But Lee's rat is on the side of the humans, at the end, just as the genres are; even Lovecraft, noted misanthrope, ended his life arguing for a sort of humanist socialism. All the baggage that rats in fiction carry, from the Pied Piper and the Plague on down, is forgotten in a gesture, with a little help from science fiction.

But the realism of "Blue Ink," accessible through its It Was (Probably) All Just A Dream frame narrative, complicates the seeming science fiction triumphalism of this gesture. It comes back to epistemology: SF functions by having everything always already be known; as soon as that isn't the case, it becomes hybridized, most commonly with detective fiction. With the dream frame, everything is both known and unknown, all at once and with no possible reductive explanation. Stable objects force the reader to interrogate them metaphorically; character development is no longer coherent and objectively different from plot; narrative valorization becomes silly and untenable as the text itself refuses to couch it. Thus the claims of laziness; readers quite like to valorize narrative, and many, when this is not allowed, feel cheated.

The real critique of the political economy of science fiction, however, is not this deeply embedded symbolic joke at the expense of genre triumphalism, but the use of the substance that titles the story. The blue ink is marked because it is a break from the protagonist's habitual practice; "Jenny Chang usually writes in black ink or pencil," the story informs us after divulging that the blue ink itself is "more than a fortunate accident." This nonhabitual, incidental detail preemptively fractures and fractalizes through the story itself, as a small prologue informs the reader to see in the color "the antithesis of red shift; the color of uncut veins beneath your skin." In his author notes, Yoon Ha Lee mentions that the story itself was typed, and not in blue; this is not, in other words, some sort of magical incantation but a serious, if playful, closed system in which material conditions (the pen that creates the world) shape and order what is constructed out of them. Against the propagandistic declaration that SF is the "literature of ideas," then, "Blue Ink" presents a pleasant little tale which argues the opposite; Science Fiction is a literature of stuff. And crucially, not just any stuff, but specifically the stuff which provides the conditions of its own possibility.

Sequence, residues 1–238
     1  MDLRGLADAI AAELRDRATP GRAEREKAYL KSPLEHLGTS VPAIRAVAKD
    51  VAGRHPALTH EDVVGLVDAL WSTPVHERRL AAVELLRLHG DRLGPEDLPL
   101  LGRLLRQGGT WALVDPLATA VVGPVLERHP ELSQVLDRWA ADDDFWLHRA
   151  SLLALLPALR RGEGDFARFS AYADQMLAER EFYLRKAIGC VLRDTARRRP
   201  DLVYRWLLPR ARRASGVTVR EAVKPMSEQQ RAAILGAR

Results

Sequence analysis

Much of this critique takes the shape of Lee's engagements with colonialism, an integral and often ignored constitutive condition of the kinds of futures that science fiction is able to consider. He does this not through didacticism but, again, by extrapolating on the material conditions of the medium itself. "Iseul's Lexicon," the only original story to appear in this anthology, is described in the author's notes as a story about "tactical linguistics;" and again the fantastical elements are both born out of, and provide a particularly clear lens into, the very material through which the story is built in the first place as well as the traditions which organize it into a conceivable, marketable identity. In Conservation of Shadows language is magic, and magic is materialism.

The success of the worldbuilding in "Iseul's Lexicon" relies on its historical analysis of power. The story revolves around the protagonist's effort to thwart the remnants of an old, defeated colonial power even in the midst of the advances a new one, and to do so she must employ the techniques of the old colonizer against them. This will, in turn, shift the balance of power in the ongoing war in an indeterminate manner. The "tactical linguistics" of the story revolve around the ways in which the universe's magic is itself a product of language; the Genial Ones' (the name given the old power) attempt to reassert themselves into the political realm (or at least take revenge on the humans who usurped them) is by way of a certain magic that can erase a language itself. The protagonist turns this around onto the Genial Ones' language and, in doing so, erases the source of all magic.

In a traditional genre story, this would be fairly straightforward; the protagonist would, despite having all the cards stacked against her, pull off a daring feat that simultaneously cripples both of the enemy forces at once, and in doing so save the world, albeit possibly costing something of herself. But because Lee sets up a relatively complicated history of power within the region, and declines to valorize this destruction of magic except as an unavoidable act of self-preservation, the story sets itself up against the tendency, fostered by its status as genre fiction, to be read primarily through the lens of moralism, and instead suggests that the interplay of objective, historical systems of power determine the condition of possibility for the ability of language to function not just as representation, but as action. Because Lee uses language not as a vessel but an organizing principle of the story, or a theme, it is implicated on both levels: as a component of a well-drawn regional colonial history, as well as what that history, ultimately, is made of.